On Mar. 3, President Joe Biden nominated Dilawar Syed to serve as Deputy Administrator to the Small Business Administration (SBA). For months, however, GOP senators have refused to allow a committee vote for Syed. They have already boycotted the vote three times thus far. Consequently, Sen. Ben Cardin (D-Md.) attempted to ask Senate for unanimous consent to move forward on Syed.
However, on Wednesday Sept. 29, Sen. Rand Paul objected, leaving Syed’s nomination in limbo once again. If confirmed, Syed would become the highest-ranking Muslim administration official in American history.
Dilawar Syed is the president and CEO of Lumiata, a health care analytics company. He has stepped into public service roles both in California and at the federal level. Syed previously led engagement with small business after the passage of the 2009 stimulus package under the Obama Administration. Despite his qualifications, Syed’s heritage has been at the source of the vote’s delay.
Ben Cardin, who chairs the Senate committee, noted that Republicans originally objected to Syed on loans he took out as a small-business owner. When the loans proved to be a non-issue, the Republicans accused Syed of being anti-Israel due to his work with Emgage USA, a group that focuses on increasing Muslim American political engagement.
On June 30, eight of the 10 GOP senators on the committee wrote a letter to Cardin, saying that Syed’s “vocally anti-Israel” efforts would “jeopardize small businesses with close ties to Israeli companies or small businesses owned by Jewish Americans.” The first line of the document noted that Syed was born in Pakistan, and the vast majority of the rest of it focused on “very partisan positions” from Emgage ― not anything that Syed actually said. Politico first reported on the memo’s existence in August.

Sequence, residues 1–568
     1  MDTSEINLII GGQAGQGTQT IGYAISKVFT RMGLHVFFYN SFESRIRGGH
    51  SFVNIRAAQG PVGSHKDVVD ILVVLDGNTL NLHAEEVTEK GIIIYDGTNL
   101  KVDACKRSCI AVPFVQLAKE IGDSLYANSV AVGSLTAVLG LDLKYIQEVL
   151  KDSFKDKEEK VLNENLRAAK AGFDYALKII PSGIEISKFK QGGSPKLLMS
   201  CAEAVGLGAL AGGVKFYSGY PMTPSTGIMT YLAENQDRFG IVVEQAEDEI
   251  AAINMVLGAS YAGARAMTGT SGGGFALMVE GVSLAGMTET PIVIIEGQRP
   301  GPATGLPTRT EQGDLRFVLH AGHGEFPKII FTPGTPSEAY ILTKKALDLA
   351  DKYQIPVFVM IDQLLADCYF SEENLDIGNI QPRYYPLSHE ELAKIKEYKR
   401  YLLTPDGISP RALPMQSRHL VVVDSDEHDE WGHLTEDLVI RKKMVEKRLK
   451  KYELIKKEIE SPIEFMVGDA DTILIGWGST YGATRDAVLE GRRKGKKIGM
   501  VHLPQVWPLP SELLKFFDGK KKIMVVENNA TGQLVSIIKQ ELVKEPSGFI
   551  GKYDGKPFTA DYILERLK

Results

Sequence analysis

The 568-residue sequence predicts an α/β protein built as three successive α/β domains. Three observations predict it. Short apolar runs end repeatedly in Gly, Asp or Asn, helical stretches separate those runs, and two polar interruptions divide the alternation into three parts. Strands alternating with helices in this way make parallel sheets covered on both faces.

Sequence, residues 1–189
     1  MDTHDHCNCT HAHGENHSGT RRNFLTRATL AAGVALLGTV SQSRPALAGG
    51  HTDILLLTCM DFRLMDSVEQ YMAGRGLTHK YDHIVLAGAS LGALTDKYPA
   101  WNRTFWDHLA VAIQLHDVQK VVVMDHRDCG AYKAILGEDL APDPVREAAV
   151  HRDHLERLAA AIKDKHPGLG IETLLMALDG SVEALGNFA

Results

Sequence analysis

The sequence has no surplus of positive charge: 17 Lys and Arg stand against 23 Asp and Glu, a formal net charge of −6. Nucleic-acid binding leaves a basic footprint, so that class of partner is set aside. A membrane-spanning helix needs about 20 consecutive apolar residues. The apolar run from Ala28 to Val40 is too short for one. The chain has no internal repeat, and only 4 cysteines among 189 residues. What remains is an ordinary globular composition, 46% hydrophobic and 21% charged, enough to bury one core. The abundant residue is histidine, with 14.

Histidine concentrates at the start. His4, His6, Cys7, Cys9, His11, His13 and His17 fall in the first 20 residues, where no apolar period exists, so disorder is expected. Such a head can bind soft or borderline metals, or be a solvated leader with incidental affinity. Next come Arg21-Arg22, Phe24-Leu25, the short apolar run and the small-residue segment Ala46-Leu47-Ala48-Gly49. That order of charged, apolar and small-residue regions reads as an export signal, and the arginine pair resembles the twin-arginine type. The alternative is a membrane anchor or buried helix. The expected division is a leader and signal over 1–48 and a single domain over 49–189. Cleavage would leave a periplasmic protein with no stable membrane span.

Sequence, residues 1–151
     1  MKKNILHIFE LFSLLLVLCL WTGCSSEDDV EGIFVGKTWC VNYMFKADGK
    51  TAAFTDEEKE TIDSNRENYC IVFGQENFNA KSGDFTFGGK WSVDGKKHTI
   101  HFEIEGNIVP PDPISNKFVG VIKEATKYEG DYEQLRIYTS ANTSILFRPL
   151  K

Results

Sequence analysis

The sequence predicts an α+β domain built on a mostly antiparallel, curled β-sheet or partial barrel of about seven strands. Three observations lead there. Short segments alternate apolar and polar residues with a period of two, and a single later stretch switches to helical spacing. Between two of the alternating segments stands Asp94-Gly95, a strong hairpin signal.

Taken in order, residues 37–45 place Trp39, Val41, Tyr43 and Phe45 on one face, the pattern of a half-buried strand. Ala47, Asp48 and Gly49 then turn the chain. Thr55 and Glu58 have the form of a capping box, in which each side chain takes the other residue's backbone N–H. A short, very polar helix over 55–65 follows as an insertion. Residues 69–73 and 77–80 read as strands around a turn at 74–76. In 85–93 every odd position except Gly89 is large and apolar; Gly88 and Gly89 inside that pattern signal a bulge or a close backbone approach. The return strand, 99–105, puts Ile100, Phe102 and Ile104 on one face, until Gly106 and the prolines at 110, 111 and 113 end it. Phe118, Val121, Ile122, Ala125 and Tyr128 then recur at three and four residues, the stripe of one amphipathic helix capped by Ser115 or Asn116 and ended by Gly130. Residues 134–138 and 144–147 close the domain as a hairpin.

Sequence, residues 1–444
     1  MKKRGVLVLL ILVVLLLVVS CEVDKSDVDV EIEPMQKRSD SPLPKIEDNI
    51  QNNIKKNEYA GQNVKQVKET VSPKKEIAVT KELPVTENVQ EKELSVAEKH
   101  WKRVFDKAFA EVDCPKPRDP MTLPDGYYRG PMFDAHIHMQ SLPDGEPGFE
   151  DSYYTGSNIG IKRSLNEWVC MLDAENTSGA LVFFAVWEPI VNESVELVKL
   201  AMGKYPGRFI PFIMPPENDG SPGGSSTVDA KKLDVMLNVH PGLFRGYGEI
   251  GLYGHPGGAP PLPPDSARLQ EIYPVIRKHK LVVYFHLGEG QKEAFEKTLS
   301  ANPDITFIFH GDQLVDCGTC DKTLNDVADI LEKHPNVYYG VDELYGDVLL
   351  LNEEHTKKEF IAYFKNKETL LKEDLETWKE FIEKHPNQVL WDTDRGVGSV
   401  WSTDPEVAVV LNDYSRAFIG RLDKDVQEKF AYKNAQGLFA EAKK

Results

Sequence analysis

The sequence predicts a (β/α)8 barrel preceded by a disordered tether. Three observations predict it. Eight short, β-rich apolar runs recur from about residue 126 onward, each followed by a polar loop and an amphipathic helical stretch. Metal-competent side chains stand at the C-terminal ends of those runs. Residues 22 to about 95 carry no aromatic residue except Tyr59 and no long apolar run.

In July, the American Jewish Committee released its own statement. While they do “not normally take positions” on nominees, the “accusations around Dilawar Syed’s nomination based on his national origin or involvement in a Muslim advocacy organization are so base and unamerican that AJC is compelled to speak out.”
At this time, the Republicans have backtracked. According to the HuffPost, the Republicans oppose filling the deputy SBA position on the until the Biden administration committed to taking back loans given to some Planned Parenthood affiliates under the Paycheck Protection Program. The loans, which were handed out during the Trump administration, were meant to help small businesses keep employees on their payrolls during the coronavirus pandemic.
Planned Parenthood’s affiliates are nonprofit organizations with leadership and funding structures that are separate from the national federation. On Wednesday on the Senate floor, Paul, the committee’s ranking member, said that Planned Parenthood is not a small-business.
In response, Cardin said, “The partisan, unnecessary and unconscionable inaction of our Republican colleagues shows no concern for the millions of small businesses still relying on SBA support to survive COVID-19 and rebuild their future and who would benefit greatly from having a confirmed deputy administrator to work on the day-to-day operations at the SBA.”
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